This post contains affiliate links. One of the ways I keep myself motivated to walk on the treadmill several mornings a week is by listening to audiobooks. I have an Audible subscription for $16 a month, and with that subscription, I get one free book credit a month. One I recently chose to listen to was The Forest of Vanishing Stars by Kristin Harmel. Honestly, if I wasn’t too cheap to buy another book, I would have stopped reading this book when I was about half way through. This is easily the worst book I’ve read this year.
About The Forest of Vanishing Stars by Kristin Harmel
Inge is born to a Nazi commander and is abducted when she is just two years old. The person who abducts her is an old woman, Jerusza, who kidnaps her to save her from her German parents. She renames Inga Yona, and she raises her in the forest. Jerusza teaches Yona everything she can, and when Yona is in her early 20s, Jerusza dies.
Though Jerusza has warned Yona that a terrible war is happening (World War II) and that she should keep her distance from any other people, Yona can’t resist when she starts seeing people in the woods. She chooses to help these wandering Jews so that they can survive in the forest.
The next few years of the war take Yona on a journey throughout the forest and into civilization with a variety of different people.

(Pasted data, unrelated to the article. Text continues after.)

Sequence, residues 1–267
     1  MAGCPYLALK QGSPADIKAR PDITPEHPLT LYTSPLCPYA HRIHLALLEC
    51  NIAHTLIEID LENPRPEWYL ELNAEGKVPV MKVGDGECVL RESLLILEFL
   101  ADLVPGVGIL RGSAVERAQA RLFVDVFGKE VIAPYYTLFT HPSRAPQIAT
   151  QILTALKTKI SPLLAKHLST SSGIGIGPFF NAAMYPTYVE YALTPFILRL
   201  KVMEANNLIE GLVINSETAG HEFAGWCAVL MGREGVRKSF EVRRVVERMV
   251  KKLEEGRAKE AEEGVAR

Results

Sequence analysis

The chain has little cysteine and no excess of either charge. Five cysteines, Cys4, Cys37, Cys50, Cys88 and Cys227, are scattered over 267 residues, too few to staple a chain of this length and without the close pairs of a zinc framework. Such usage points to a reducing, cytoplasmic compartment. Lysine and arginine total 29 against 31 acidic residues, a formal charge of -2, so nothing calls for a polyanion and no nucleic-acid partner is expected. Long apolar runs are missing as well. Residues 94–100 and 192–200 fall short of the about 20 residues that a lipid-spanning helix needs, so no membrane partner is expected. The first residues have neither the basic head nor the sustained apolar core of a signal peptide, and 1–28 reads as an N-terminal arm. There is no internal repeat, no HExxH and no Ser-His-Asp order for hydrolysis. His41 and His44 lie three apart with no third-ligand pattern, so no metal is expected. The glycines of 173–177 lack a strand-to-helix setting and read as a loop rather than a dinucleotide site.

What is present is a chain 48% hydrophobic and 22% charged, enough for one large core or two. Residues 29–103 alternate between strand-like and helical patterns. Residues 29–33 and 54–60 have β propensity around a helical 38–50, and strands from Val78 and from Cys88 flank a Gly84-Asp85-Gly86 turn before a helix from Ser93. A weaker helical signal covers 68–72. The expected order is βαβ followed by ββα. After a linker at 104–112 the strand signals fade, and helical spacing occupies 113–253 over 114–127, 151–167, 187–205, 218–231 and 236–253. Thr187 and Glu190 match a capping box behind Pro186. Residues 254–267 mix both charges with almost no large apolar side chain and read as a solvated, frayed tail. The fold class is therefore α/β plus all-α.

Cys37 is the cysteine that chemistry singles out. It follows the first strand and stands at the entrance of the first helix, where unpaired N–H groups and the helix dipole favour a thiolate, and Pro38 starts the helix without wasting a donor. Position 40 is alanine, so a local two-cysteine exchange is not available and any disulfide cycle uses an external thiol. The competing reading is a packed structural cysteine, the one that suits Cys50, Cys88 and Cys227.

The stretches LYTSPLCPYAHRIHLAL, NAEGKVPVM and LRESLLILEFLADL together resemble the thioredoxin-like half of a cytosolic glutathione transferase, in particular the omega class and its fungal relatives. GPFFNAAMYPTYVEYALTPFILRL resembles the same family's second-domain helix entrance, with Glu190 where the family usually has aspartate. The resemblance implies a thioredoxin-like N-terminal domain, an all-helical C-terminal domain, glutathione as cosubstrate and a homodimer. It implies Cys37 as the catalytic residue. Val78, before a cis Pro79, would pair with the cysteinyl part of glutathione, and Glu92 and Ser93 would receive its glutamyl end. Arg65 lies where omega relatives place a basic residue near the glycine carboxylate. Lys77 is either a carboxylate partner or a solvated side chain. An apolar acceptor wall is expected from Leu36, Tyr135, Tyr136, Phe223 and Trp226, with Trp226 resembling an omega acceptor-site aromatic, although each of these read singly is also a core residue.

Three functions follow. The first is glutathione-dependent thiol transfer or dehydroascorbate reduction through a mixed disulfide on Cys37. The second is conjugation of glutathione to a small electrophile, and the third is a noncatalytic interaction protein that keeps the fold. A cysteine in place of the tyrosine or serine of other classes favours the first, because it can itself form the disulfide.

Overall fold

My Thoughts on the Book
Honestly, I didn’t look at the author’s name when I chose this book, which was a mistake. I’ve read several Kristin Harmel books, but there’s only one I really enjoyed–The Book of Lost Names. Every other book I’ve read of hers I disliked (like The Sweetness of Forgetting) or I had to completely suspend my disbelief (like When We Meet Again). This book was no different.
My biggest complaint with this book is the overt romance throughout. Jewish people in real life did flee to the forest, some living in large goups. I’m sure romances did occur. However, the way Harmel writes the romance is like a Harlequin romance set in World War II, which feels disrespectful to the time and the horror that is occurring.
I was incensed to hear in the author’s notes that Harmel had the chance to interview a man whose brothers led one of the biggest bands of people through the forest. How can Harmel take such a story of loss and triumph in the woods and turn it into the basis of her novel, which I felt was disrespectful?
However, as much as I disliked this book, I did appreciate her comments in the author’s note. She did teach me about a new branch of the Holocaust I didn’t know much about.
I give The Forest of Vanishing Stars by Kristin Harmel 2 out of 5 stars on The Mom’s Plans’ scale.